Oklahoma Remembers Influential Cherokee Linguist Durbin Feeling


Tuesday, August 25th 2020, 6:25 pm
By: Amelia Mugavero


TAHLEQUAH, Okla. -

A beloved and influential Cherokee linguist was laid to rest on Tuesday.

74-year-old Durbin Feeling was known as one of the most significant contributors of preserving the Cherokee language.

Cherokee leaders said the funeral was not just about mourning the loss of Feeling, but also to celebrate a life dedicated to carrying the Cherokee culture.

"Durbin came along in the history when the language was in decline and saw that and he wanted to do something, and he committed his life to do something about it," said Principal Chief Chuck Hoskin Jr.

Feeling is known as one of the largest contributors to the Cherokee language.

He authored the Cherokee-English Dictionary, and in 2018, Feeling co-wrote “Cherokee Narratives – A Linguistic Study,” which “contributes to the understanding and preservation of Cherokee language and culture.” He authored or co-authored 12 books, contributed to countless research articles on the language and taught it at the universities of Oklahoma, Tulsa and California.

Chief Hoskin Jr. said Feeling's work even reached people worldwide. 

"He's just such an impactful person, on his community, his family, and of course our nation --- the kind of impact will just go on for generations," Chief Hoskin Jr. said.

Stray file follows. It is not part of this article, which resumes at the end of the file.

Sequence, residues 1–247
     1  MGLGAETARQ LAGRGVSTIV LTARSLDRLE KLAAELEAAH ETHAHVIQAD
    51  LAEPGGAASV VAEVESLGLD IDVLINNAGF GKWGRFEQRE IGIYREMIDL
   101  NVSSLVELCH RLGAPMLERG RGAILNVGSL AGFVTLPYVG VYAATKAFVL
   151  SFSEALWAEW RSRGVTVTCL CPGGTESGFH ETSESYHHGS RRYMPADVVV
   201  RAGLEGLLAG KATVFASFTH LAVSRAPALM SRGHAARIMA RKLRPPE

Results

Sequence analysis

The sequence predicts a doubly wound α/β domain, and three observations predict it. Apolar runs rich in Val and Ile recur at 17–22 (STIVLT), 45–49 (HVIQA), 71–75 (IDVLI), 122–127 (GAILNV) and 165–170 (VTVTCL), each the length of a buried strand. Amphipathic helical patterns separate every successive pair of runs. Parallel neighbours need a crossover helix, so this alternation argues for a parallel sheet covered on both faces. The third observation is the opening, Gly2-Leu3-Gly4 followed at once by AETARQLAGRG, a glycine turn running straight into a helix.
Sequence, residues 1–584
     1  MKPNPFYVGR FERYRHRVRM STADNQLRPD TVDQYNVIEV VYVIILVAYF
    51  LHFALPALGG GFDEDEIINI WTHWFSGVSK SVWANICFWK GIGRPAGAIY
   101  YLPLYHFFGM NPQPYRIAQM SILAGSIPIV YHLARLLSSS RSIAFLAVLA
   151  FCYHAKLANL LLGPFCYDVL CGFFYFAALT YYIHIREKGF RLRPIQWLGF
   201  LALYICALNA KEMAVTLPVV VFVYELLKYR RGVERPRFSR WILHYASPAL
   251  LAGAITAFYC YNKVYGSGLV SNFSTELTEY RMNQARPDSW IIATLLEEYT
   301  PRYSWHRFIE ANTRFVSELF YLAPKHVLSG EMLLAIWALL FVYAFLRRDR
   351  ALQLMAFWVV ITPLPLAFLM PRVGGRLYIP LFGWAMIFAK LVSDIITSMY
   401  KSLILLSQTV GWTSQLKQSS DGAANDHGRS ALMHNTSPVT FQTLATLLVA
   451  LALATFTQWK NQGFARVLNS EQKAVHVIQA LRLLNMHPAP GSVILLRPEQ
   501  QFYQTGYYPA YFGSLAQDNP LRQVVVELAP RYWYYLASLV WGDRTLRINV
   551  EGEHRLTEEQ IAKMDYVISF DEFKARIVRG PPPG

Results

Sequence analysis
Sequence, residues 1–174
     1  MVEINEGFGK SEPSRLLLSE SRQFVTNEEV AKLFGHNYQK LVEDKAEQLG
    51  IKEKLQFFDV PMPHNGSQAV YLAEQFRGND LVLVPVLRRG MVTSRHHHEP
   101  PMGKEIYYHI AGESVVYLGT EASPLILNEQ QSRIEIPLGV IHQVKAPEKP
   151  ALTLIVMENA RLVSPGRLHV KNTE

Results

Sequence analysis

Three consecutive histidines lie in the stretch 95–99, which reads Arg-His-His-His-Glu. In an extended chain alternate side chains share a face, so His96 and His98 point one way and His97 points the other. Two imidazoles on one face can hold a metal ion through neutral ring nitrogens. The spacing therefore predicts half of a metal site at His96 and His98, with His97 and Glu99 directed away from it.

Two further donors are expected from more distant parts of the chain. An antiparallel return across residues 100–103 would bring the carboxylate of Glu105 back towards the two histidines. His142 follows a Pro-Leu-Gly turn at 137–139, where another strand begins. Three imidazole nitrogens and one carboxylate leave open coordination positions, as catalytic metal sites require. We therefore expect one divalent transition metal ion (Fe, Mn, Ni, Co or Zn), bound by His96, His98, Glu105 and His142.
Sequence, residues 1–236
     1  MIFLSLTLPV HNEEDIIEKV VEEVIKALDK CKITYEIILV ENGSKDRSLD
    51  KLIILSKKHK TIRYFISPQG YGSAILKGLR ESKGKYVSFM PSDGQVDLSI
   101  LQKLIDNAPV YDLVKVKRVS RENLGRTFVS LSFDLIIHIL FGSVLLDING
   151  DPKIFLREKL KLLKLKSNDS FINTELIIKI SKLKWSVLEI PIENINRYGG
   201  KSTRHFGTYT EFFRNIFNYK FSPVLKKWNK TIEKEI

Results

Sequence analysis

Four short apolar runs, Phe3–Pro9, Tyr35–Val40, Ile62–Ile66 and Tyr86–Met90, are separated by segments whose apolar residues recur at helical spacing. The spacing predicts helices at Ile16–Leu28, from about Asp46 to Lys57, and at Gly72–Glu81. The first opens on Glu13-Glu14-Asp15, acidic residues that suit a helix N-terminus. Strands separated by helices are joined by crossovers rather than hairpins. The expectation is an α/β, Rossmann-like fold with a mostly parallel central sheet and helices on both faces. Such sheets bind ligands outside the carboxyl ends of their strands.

Howard Paden, Executive of the Cherokee Language Department, said Feeling saved the Cherokee language, thus preserving their nation’s identity.

"The language is one of the most import things to inherit,” Paden said. “To inherit that is to truly be Cherokee, and the idea of that slipping through our triggers and watching the elders that we see pass is not something we want to see.”  

Paden said Feeling’s work will continue impacting people for years to come.

"We've got a run ahead and catch up with the Durbin the best we can and make sure we don't lose this," Paden added.

In October 2019, the Tribal Council passed the Durbin Feeling Cherokee Language Preservation Act. Hoskin said the act’s $16 million investment should over time quadruple the Cherokee Language Master-Apprentice Program and establish a language program in the former Cherokee Casino Tahlequah that will become The Durbin Feeling Language Center, which will house all three of the tribe's language programs. The center set to open sometime next year.